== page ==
An essay by Cassius Carter, as provided by Lucas Leery
Art by Luke Spooner
I invite you to assist me on my next expedition. The site is in remote, northern land that I trust you will remember well. Your task will be simple: to record data thoroughly and accurately.
I apologize, but I cannot share more. You must understand the significance of this project. Please keep my offer private, as my research is of a most sensitive nature.
I leave Thursday.
Though we had been friends since childhood, Kent’s proposition was strictly business. The letter nonetheless excited me, snapped my thoughts from the doldrums of my daily routine. Despite its vagueness, I accepted his offer in hopes of reconnecting with a friend lost to time. The letter was stark and abrupt, much like the writer himself, but I sensed in its language something as close to a plea as ever a man like Kent could make. Somehow, though I had not heard from him in over a decade, I felt a responsibility to respond. Besides, the trip was an excuse for escape, if but brief, from my life as a bachelor in the city, a situation I found exceedingly tedious as the years wore on me.
Kent worked as a geobiologist studying the evolution of Earth’s relationship with life. Though we had fallen largely out of touch since our schooldays, I kept up to date on his studies by following him in academic publications. In recent years, however, his name had disappeared from headlines, and I assumed that he had taken his career elsewhere. I myself, a former laboratory technician who now struggled as a freelance science journalist, was surprised to hear that he still practiced research in the field.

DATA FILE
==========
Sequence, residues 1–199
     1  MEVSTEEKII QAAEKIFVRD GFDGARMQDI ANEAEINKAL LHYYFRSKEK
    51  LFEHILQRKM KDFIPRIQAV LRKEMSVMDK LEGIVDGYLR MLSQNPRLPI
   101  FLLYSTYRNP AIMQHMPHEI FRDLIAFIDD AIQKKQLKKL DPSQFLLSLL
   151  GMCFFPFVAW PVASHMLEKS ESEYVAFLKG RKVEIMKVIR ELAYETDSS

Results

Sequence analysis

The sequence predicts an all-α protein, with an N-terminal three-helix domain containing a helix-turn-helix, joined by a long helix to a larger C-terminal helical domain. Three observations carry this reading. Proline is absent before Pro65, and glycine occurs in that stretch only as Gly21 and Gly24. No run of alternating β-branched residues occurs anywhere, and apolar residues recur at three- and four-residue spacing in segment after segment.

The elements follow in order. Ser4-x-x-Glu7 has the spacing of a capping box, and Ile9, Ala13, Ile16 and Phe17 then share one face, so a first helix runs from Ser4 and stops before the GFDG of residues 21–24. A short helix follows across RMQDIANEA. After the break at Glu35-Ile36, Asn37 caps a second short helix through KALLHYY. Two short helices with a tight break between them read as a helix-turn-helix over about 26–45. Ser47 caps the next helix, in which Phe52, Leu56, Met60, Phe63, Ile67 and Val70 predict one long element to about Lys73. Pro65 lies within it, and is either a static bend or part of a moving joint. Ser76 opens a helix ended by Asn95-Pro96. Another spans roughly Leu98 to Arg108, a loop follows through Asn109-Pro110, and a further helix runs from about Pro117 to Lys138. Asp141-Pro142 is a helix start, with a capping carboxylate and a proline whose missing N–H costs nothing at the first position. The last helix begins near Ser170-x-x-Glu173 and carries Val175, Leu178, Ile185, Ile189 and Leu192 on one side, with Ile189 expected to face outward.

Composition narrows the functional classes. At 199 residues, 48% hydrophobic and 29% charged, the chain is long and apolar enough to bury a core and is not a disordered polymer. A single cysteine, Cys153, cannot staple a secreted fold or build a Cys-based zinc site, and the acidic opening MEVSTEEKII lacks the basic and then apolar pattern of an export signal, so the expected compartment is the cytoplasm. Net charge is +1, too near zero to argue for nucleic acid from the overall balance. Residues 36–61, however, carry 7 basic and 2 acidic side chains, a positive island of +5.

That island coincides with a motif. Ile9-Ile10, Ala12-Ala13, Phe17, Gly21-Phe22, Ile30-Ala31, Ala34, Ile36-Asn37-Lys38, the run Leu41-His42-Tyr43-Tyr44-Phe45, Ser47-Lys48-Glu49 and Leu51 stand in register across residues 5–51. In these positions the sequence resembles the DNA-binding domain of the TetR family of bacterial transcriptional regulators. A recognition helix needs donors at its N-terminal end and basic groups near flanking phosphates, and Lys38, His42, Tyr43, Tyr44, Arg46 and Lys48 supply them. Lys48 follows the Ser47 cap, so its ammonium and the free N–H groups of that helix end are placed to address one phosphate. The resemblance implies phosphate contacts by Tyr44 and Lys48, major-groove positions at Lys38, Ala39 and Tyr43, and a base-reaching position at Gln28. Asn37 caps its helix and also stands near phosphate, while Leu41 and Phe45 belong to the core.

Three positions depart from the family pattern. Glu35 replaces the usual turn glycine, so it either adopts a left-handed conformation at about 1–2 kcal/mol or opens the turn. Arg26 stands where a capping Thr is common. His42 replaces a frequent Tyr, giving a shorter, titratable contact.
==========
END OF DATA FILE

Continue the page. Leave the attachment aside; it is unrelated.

I was not surprised, however, that he had chosen me for his companion. We grew up together exploring deep within those northern reaches, woods I once knew more intimately than anyone alive. Moreover, I pursued science seriously enough to make a career of it, was familiar with equipment and repairs, and was a trustworthy, if not predictable, friend. Besides, I was a budding science journalist. He made it clear from the start that he intended the story of this expedition to make headlines.
To read the rest of this story, check out the Mad Scientist Journal: Summer 2018 collection.
Cassius (Cass) Carrington, born 1904, was a lab technician and science journalist who lived most of his adult life in Boston, MA. Quiet and reserved, Cass was known for his love of stories, whiskey, and the outdoors. He perished on a camping trip in 1966, leaving behind a wife and two sons. His body was never found.
Lucas Leery lives on the coast of Maine and spends a lot of time outside, collecting treasures found in the ocean and on land.
Luke Spooner, a.k.a. ‘Carrion House,’ currently lives and works in the South of England. Having recently graduated from the University of Portsmouth with a first class degree, he is now a full time illustrator for just about any project that piques his interest. Despite regular forays into children’s books and fairy tales, his true love lies in anything macabre, melancholy, or dark in nature and essence. He believes that the job of putting someone else’s words into a visual form, to accompany and support their text, is a massive responsibility, as well as being something he truly treasures. You can visit his web site at www.carrionhouse.com.
“Within the Pulse of Darkness” is Copyright 2018 Lucas Leery
Art accompanying story is Copyright 2018 Luke Spooner